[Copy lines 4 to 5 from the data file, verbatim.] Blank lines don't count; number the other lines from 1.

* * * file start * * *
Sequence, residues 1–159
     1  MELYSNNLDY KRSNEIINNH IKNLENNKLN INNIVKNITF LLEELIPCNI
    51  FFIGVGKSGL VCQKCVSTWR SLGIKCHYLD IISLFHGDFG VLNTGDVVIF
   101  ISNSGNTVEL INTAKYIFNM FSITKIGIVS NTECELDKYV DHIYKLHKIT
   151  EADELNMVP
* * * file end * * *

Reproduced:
   101  ISNSGNTVEL INTAKYIFNM FSITKIGIVS NTECELDKYV DHIYKLHKIT
   151  EADELNMVP